All Portuguese citizens will be forced to pay a quarantine package of at least £1750 to enter the United Kingdom from today.
The government announced the new restrictions last week and Portugal is the only European country on the red list. Its alleged connections with Brazil and South Africa, with their new variants of the virus, are a possible explanation for these new requirements.
Travellers are expected to complete a 10-day quarantine in a designated hotel. The quarantine package takes into account costs of transport, food, accommodation, security and testing.
For Portuguese citizens living in the UK, these restrictions are harsh. Claudia Moutinho, 31, a nurse based in Manchester, said it may be hard for people having to travel back to England after an essential trip to their home country.
Ms Moutinho said: “I am here in England and I am pregnant. I will have my baby in March, and I am always thinking about how and when my family will see my baby. And if I go back to Portugal to have my kid, when I come back, I will have to pay those sums of money for me and my boyfriend. It is difficult.”
For Pedro Gomes, a 22-year-old student who had to stay in Portugal because of the restrictions, the problem is the price.
He said: “I have my belongings in England, and I want to retrieve them, but I cannot do that because then I would have to pay 100€ for a test and then almost £2000 to stay there. I am paying rent in an accommodation that I cannot be in.”
Anyone who breaks the quarantine rules faces a penalty of up to £10,000 or, in the most serious cases, 10 years in prison.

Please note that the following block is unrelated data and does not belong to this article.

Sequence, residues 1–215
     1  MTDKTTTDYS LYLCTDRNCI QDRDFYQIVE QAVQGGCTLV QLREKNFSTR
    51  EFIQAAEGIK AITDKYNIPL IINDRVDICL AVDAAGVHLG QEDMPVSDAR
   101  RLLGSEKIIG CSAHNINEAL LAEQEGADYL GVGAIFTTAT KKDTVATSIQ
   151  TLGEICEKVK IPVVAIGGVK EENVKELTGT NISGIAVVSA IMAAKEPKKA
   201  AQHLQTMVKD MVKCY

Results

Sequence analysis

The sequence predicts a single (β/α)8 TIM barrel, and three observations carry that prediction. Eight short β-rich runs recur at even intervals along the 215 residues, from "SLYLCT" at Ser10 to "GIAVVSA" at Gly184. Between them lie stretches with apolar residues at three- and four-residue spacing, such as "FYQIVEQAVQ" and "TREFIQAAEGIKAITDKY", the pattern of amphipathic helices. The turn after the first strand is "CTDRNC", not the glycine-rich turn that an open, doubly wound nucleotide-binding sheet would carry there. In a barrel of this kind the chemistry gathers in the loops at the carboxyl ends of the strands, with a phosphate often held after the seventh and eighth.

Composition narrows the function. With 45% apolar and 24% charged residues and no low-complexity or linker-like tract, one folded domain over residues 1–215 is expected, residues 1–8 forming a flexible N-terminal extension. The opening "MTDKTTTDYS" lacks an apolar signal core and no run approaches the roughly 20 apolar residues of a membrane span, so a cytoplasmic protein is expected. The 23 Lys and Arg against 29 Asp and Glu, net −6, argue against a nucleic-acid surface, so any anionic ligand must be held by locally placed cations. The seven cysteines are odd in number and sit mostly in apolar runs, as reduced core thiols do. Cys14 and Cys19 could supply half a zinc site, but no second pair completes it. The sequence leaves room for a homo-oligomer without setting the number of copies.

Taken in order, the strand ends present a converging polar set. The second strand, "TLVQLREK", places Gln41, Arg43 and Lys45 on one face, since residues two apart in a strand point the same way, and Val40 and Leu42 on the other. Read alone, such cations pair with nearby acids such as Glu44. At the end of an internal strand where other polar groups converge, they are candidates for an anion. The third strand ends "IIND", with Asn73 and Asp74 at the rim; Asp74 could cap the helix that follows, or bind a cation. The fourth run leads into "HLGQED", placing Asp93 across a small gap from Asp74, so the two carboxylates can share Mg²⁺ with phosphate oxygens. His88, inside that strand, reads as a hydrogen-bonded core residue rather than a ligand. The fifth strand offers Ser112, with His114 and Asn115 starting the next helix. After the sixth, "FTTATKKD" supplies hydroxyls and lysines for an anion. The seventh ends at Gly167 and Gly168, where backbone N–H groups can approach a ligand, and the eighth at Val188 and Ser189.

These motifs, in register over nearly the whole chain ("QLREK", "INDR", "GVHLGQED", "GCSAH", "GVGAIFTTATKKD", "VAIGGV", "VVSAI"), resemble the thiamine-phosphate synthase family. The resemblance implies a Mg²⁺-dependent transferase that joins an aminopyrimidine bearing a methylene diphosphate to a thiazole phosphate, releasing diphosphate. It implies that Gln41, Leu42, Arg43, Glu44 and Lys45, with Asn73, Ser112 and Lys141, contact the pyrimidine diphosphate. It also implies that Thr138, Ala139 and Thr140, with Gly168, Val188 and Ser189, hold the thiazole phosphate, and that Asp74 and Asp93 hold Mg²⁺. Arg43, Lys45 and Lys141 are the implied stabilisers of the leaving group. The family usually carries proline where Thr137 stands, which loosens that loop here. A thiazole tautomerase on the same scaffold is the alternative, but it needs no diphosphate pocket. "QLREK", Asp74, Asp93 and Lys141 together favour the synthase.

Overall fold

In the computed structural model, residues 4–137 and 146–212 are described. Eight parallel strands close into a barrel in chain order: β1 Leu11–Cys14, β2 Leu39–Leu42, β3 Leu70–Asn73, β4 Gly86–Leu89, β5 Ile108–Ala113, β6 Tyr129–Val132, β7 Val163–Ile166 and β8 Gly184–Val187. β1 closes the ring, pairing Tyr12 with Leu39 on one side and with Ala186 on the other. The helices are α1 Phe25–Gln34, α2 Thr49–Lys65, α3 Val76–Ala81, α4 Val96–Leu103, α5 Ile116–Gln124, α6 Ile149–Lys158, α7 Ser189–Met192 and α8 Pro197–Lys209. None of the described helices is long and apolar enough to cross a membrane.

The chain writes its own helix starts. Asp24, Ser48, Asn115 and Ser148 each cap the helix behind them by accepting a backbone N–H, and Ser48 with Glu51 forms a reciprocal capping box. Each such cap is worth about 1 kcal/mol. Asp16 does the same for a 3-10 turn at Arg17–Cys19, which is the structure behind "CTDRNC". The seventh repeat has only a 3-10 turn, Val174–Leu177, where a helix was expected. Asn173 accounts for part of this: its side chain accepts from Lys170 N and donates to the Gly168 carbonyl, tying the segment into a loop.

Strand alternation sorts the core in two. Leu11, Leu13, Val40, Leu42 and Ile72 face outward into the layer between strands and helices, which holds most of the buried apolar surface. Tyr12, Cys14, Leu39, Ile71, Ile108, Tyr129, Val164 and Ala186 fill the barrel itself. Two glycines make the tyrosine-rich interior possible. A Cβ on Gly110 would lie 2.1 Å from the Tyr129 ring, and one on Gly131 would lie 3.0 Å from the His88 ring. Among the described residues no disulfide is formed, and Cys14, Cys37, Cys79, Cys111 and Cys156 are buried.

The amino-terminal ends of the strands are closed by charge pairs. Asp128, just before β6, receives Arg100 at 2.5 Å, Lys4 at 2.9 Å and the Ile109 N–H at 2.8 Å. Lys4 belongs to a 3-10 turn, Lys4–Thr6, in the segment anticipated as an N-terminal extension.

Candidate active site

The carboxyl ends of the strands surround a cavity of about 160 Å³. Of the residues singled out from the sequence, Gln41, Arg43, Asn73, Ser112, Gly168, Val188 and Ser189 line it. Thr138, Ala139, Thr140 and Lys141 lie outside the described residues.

Bruna Gonçalves, 19, believes the fines are too high, but reckons that something had to be done.
She said: “They need to put something in place to contain the virus. We are living in a critical moment.”
The countries on the red list have specific points of entry in the UK. Currently, these are Heathrow Airport, Gatwick Airport, London City Airport, Birmingham Airport and Farnborough Airfield.
Quarantine hotels have to be near to those airports, which may present an additional cost for people based in South Yorkshire because, after the quarantine, they will also have to pay to get to their destinations.
The hoteliers are also not comfortable with this solution. In an interview with The Guardian, an industry figure said: “Hotels may not want to be known as the quarantine hotel.”
The number of daily cases is decreasing in Portugal, and all the interviewees are confident the country will leave the red list soon. Mr Gomes does not feel like the restrictions implemented by the UK government are unfair.
He said: “We were considered the worst country in terms of new cases, so if we cannot do the minimum to contain the pandemic, like putting a mask, we cannot be upset about the measures that other countries have to take.”